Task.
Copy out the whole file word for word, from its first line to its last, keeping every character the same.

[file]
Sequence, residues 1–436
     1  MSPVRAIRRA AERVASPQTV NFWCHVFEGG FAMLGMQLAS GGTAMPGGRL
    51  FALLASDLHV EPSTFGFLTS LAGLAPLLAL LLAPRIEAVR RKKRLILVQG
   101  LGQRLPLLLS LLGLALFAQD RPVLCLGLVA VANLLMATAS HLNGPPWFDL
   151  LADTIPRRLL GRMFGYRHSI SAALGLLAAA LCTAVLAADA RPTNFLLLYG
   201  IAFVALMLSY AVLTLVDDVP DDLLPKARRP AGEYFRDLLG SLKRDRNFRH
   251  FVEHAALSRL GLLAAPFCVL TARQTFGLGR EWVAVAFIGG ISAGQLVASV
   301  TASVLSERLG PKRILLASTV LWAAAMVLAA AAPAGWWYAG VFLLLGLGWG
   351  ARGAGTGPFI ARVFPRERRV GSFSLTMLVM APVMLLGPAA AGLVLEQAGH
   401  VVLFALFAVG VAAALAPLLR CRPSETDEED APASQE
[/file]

Sequence, residues 1–436
     1  MSPVRAIRRA AERVASPQTV NFWCHVFEGG FAMLGMQLAS GGTAMPGGRL
    51  FALLASDLHV EPSTFGFLTS LAGLAPLLAL LLAPRIEAVR RKKRLILVQG
   101  LGQRLPLLLS LLGLALFAQD RPVLCLGLVA VANLLMATAS HLNGPPWFDL
   151  LADTIPRRLL GRMFGYRHSI SAALGLLAAA LCTAVLAADA RPTNFLLLYG
   201  IAFVALMLSY AVLTLVDDVP DDLLPKARRP AGEYFRDLLG SLKRDRNFRH
   251  FVEHAALSRL GLLAAPFCVL TARQTFGLGR EWVAVAFIGG ISAGQLVASV
   301  TASVLSERLG PKRILLASTV LWAAAMVLAA AAPAGWWYAG VFLLLGLGWG
   351  ARGAGTGPFI ARVFPRERRV GSFSLTMLVM APVMLLGPAA AGLVLEQAGH
   401  VVLFALFAVG VAAALAPLLR CRPSETDEED APASQE